Which USB mics should you buy?
The range of microphones available changes frequently, so it’s a good idea to talk to your local music tech retailer for advice.
Things to consider:
- Price point
- Mic type: unidirectional, omnidirectional, dynamic, condenser
- Style: handheld, desktop
A few USB mic options (I have the first two in this list):
- Blue Snowball: has a switch which allows you to select unidirectional or omnidirectional settings so it’s good for recording individuals as well as small groups. The Snowball mic is on a small tripod so it’s not so good for vocalist that might want to hold the mic while they sing. The ball-shaped head of the mic can be unscrewed from the tripod and you can then screw it onto a regular mic stand
- ATR2100: this mic allows you to use a USB cable OR an XLR mic cable. It’s a handheld-style mic, so suitable for vocalists to hold. I use this mic to record my podcast episodes.
- Blue Yeti: the big brother of the Blue Snowball mic
- Samson Meteor: this one is a super-cute pocket-sized mic
- Samson C01U: a larger-sized condenser USB mic
Also consider: XLR microphones
In addition to USB mics you can also consider using XLR mics. Generally speaking, XLR microphones will give you more flexibility and better quality. They are useful for the classroom but can also be used for studio recording and for onstage performance.
My biggest tip for XLR mics is to look around your school and see if you already have some lying around! Many schools have Shure SM58 vocal mics that are used for school assembly announcements and so on. Perhaps there are some in a cupboard that you can “borrow”?
In order to connect an XLR mic to your laptop or iPad, you’ll need an extra piece of equipment: an audio interface of some description. If you’re using a condenser mic you’ll need an audio interface that has phantom power in order to make it work.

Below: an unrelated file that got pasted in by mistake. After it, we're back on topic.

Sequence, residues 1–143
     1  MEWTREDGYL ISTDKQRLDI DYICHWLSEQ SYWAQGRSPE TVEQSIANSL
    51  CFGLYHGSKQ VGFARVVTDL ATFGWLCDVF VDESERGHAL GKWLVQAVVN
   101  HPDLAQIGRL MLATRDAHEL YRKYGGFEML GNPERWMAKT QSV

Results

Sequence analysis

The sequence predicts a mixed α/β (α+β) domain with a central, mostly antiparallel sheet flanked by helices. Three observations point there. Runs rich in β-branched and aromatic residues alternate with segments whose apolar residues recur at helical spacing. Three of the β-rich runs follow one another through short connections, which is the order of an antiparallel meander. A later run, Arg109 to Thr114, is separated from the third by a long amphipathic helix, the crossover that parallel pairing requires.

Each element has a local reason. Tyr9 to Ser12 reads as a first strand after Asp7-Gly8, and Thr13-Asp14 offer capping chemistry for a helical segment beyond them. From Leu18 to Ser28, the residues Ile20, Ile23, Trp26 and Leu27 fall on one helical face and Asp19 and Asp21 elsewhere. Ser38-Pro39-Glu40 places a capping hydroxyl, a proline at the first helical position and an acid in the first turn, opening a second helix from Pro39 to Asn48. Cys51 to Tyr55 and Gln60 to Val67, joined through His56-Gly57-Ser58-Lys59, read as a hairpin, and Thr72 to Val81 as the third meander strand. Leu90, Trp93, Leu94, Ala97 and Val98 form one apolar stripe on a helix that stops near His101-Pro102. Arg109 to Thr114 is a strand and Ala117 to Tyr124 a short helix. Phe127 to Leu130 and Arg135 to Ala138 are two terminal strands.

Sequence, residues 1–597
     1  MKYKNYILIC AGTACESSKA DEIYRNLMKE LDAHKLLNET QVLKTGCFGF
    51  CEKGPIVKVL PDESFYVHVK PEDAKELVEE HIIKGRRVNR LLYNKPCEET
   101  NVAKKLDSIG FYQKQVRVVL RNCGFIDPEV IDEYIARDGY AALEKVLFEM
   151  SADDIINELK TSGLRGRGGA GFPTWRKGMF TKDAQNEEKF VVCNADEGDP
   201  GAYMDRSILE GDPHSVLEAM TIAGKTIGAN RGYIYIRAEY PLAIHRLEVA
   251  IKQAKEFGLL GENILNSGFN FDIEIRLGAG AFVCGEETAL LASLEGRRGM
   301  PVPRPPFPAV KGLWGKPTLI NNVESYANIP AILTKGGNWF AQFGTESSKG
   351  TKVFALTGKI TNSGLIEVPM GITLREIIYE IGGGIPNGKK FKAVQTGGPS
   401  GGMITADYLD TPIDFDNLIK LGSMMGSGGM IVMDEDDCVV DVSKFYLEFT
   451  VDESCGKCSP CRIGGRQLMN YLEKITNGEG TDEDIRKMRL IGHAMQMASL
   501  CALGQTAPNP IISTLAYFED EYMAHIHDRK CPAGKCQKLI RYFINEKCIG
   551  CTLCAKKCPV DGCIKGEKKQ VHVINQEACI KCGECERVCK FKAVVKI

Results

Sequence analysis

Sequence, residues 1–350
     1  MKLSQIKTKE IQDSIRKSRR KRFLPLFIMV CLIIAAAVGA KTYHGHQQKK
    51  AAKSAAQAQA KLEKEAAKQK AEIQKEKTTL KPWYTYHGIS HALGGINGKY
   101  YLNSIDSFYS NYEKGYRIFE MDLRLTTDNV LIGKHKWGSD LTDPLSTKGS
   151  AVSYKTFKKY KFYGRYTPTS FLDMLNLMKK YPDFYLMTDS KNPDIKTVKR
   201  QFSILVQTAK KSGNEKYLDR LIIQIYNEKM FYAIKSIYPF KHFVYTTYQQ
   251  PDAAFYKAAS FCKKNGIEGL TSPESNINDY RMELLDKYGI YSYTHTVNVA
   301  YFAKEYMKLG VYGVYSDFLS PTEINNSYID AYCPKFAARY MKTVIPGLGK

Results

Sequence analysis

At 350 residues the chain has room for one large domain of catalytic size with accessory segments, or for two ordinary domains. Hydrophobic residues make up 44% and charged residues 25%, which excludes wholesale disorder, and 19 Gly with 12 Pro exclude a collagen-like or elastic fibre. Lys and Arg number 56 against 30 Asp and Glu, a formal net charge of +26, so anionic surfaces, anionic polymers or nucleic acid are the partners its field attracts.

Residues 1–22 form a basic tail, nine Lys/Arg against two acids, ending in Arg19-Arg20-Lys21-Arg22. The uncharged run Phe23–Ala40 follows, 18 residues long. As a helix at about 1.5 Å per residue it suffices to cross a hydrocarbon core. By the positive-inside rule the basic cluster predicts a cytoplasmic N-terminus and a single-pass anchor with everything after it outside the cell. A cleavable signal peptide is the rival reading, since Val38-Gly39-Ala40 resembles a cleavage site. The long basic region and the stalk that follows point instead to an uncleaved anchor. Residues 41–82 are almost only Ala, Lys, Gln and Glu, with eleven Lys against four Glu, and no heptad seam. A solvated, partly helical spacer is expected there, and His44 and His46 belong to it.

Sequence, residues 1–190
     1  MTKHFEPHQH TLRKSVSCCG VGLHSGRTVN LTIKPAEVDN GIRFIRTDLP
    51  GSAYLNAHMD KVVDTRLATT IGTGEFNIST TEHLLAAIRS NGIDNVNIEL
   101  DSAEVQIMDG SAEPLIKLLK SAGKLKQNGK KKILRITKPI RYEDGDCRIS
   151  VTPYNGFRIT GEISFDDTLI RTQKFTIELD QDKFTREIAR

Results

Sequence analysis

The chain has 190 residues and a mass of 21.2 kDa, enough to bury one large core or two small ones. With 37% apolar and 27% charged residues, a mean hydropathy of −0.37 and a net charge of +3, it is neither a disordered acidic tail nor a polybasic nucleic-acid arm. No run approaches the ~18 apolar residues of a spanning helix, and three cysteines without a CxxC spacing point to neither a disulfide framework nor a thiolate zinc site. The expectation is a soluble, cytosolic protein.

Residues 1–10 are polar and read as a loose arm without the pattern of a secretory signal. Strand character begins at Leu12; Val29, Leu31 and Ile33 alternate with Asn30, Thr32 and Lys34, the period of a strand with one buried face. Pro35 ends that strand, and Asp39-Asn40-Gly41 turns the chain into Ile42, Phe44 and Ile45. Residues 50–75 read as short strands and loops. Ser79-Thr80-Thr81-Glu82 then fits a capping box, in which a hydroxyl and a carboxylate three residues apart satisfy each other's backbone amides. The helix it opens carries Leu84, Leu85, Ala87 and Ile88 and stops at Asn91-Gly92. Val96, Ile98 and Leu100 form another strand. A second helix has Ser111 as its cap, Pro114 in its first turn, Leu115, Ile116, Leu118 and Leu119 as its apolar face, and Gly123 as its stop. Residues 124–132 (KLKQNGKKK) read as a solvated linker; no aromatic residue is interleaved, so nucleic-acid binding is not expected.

A few XLR mic options:
- Shure SM-58 Dynamic Microphone
- Samson C01 Condenser Microphone
- Audio Technica AE3300 Condenser Microphone
- AKG D5 Dynamic Microphone
Audio interfaces come in a variety of sizes (number of instruments that can be plugged in at one time), styles and prices. A detailed explanation is beyond the scope of this article, but here are a few options you can consider:
- Tascam iXZ Interface: a great compact, inexpensive option for schools
- Focusrite Scarlett 2i2 Audio Interface: this one is part of my home recording setup
- Steinberg UR12 Audio Interface
- Steinberg UR44 Audio Interface
- Behringer U-PHORIA UM2 Audio Interface
Further reading and useful links
- How To Record Students in a Noisy Classroom
- What I Learnt Recording a Middle School Orchestra
- The Quick Guide to Recording Vocals in any Software Application checklist
- How to Plug a Microphone Into Your Computer
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Looking for More Resources for Music Teachers?
Hello! I’m Katie Wardrobe – an Australian music technology trainer and consultant with a passion for helping music teachers through my business Midnight Music.
I’m a qualified teacher but no, I don’t currently teach in a school. I help teachers through my online professional development space – the Midnight Music Community – where there are tutorial videos, courses, links and downloadable resources.
I like to focus on easy ways to incorporate technology into what you are already doing in your music curriculum through a range of creative projects. I also run live workshops and have presented at countless conferences and other music education events.
If you want simple, effective ideas for using technology in music education, I would LOVE to help you inside the Midnight Music Community.